I was born and raised in Calvert County, Maryland. I spent my years growing up between Chesapeake Beach and North Beach, leaving the county briefly for almost 3 years only to return and make my home once again in Chesapeake Beach.
We are but one very small town along with many others that makes up our wonderful Calvert County. Although, small we have fun things to do here and our history is amazing.
In the summer our town is busy with lots of tourists coming to stay in our local beach front resort, eat at one of our many seafood restaurants, fish, tour the railway museum, come to the waterpark, or just to play on the beaches.
Below is a brief summary on our history along with a few pictures. Following that I will share a few pictures of our current attractions.
Otto Mears, a Russian immigrant and railroad tycoon, moved east from Colorado in 1895 with a vision to build a resort on the Chesapeake Bay and a railroad linking it to Washington, D.C. The vision became reality on June 9, 1900, when thousands of excursionists disembarked from the train at Chesapeake Beach station and were saluted by a uniformed brass band at full volume.
In the early years, the fare for the round trip train ride from District Line station at the eastern corner of Washington [see Seat Pleasant, Ed] to Chesapeake Beach was 50 cents. Express trains took about 60 minutes to make the trip; “locals” took about 90 minutes. At the resort, there was a mile of boardwalk lined with concession stands and amusement booths. Other attractions included a carousel complete with Wurlitzer organ, a roller coaster, a band shell, various other “popular entertainments,” and dancing in the pavilion to the music of J. Worthington Krunkley’s orchestra. But the the greatest attraction was the water of the Chesapeake Bay, where hundreds of bathers took the plunge every day.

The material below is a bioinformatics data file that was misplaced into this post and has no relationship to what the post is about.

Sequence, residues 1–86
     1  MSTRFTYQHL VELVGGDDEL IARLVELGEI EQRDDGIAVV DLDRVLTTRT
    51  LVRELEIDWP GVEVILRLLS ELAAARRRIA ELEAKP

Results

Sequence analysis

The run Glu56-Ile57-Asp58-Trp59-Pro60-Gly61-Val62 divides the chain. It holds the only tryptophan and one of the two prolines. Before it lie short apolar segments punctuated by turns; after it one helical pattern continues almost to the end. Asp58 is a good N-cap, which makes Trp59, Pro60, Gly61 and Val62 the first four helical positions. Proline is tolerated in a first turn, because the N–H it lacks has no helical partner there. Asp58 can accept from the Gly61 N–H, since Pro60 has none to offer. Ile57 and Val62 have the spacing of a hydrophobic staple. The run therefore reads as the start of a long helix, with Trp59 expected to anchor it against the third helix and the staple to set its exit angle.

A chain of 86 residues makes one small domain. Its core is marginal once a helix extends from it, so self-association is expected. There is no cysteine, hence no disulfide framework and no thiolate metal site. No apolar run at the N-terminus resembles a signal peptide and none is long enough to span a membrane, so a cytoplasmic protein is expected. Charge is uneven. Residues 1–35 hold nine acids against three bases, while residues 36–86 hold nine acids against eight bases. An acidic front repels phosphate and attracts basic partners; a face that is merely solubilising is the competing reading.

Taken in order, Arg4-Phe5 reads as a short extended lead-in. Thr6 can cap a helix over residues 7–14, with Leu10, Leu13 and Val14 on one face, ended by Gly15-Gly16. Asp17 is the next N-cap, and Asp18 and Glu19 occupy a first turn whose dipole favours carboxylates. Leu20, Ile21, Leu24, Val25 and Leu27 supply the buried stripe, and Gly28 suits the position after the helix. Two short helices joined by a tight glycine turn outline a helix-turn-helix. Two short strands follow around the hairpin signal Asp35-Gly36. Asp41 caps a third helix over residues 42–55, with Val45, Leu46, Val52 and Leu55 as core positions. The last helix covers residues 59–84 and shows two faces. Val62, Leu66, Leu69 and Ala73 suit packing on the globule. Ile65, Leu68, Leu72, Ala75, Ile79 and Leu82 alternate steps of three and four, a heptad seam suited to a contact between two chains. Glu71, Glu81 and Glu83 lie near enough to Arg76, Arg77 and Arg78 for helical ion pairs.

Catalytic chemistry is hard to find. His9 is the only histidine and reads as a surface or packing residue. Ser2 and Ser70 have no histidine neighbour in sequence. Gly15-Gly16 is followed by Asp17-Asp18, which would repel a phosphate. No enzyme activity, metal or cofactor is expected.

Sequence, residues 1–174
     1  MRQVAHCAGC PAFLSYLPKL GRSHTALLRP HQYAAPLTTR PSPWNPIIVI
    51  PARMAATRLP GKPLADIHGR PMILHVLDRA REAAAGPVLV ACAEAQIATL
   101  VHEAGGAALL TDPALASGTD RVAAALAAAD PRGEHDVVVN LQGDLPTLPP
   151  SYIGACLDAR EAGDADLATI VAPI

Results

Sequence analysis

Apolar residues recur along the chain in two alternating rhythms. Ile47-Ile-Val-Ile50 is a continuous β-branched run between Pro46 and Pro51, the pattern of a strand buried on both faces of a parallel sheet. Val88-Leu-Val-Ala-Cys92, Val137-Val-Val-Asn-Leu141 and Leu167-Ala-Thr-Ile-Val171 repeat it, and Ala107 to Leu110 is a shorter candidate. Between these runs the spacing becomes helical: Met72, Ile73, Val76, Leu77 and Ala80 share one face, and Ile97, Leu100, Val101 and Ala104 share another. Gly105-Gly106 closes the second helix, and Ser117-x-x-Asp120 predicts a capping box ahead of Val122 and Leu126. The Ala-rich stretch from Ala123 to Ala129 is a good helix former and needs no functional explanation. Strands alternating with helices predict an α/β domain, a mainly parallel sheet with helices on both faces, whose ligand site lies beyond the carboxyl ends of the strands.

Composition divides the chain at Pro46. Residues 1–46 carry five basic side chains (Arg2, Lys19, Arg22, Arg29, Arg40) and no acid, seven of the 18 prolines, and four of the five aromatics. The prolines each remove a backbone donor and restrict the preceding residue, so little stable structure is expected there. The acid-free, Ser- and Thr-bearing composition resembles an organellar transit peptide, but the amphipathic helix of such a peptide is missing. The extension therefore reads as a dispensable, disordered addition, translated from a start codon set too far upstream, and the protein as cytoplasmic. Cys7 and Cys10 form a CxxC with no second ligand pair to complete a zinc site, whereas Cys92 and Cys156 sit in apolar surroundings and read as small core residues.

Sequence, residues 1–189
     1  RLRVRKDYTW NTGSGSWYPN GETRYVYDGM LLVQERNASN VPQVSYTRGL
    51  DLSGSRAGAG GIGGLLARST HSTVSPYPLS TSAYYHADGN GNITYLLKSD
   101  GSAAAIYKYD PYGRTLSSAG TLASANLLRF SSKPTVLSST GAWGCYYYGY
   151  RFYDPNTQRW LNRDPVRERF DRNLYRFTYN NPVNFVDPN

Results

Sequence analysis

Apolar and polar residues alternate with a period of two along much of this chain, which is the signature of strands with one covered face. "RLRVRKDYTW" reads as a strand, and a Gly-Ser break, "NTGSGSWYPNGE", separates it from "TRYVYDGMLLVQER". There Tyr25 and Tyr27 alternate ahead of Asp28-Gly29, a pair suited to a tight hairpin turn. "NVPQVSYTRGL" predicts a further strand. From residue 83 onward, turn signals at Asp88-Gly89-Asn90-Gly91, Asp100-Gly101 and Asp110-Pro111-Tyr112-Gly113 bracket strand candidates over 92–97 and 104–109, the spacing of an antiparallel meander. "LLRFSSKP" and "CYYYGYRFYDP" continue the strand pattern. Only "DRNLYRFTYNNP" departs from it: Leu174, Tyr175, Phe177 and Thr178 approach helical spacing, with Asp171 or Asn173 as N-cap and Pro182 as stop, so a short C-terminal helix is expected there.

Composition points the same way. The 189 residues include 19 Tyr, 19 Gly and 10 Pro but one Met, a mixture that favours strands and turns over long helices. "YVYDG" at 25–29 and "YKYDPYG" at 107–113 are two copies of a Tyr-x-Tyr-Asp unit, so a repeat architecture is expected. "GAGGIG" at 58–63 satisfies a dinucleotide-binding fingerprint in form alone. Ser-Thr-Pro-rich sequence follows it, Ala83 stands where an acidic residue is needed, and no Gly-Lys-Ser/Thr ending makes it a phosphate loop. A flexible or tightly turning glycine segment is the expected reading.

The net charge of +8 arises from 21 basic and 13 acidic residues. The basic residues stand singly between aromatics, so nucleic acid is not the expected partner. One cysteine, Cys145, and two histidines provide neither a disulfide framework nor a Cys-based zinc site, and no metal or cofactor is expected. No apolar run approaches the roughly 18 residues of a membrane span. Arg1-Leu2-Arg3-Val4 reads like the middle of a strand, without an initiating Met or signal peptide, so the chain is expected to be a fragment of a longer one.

Extending out into the Bay was a long pier that visitors used for strolling, fishing, and crabbing. Steamboats carrying excursionists from Baltimore docked at the end of the pier.
The elegant Belvedere Hotel catered to Washington’s tired and jaded for two decades until it was destroyed by fire on March 20, 1923.
The hotel was not rebuilt. Patronage had been declining for several years; affluent Washingtonians now had automobiles that carried them swiftly to ocean beaches. In 1933, a hurricane irreparably damaged the resort’s facilities. On April 15, 1935, the last train left Chesapeake Beach. The Chesapeake Beach Railway Company shut down, and the rails were torn up.
The town of Chesapeake Beach was left behind, but it survived. Charter fishing gained popularity. In 1946, a group of entrepreneurs refurbished the amusement park and added a salt water pool. In 1948, slot machines were legalized in Southern Maryland, and business boomed.
Remnants of the old resort are still visible today. The Chesapeake Beach Railway Station on Mears Avenue, for example, has been renovated to house the Chesapeake Beach Railway Museum.
In the summer of 1995, the town opened the Chesapeake Beach Water Park, complete with water slides and a hydraulically controlled flowing river. The Northeast Community Center has been built to provide regional recreation andmeeting facilities. The faces have changed and buildings have been rearranged, but Chesapeake Beach is still a pleasant home for its residents and a welcome sight to visitors arriving by car or boat.
HISTORICAL PICTURE (CIRCA 1910) COURTESY OF CHESAPEAKE BEACH RAILWAY MUSEUM
(taken from Chesapeake Beach)
Here are some snapshots of my beautiful town. (boats at one of the docks, Flag in Veterans Memorial Park and the town Clock)
One of the memorials at the Veterans Memorial Park.
This is my kids playing on one of our beaches.
A picture of the Rollercoaster that was here a long time ago
Our welcome sign and a picture of our local crabs
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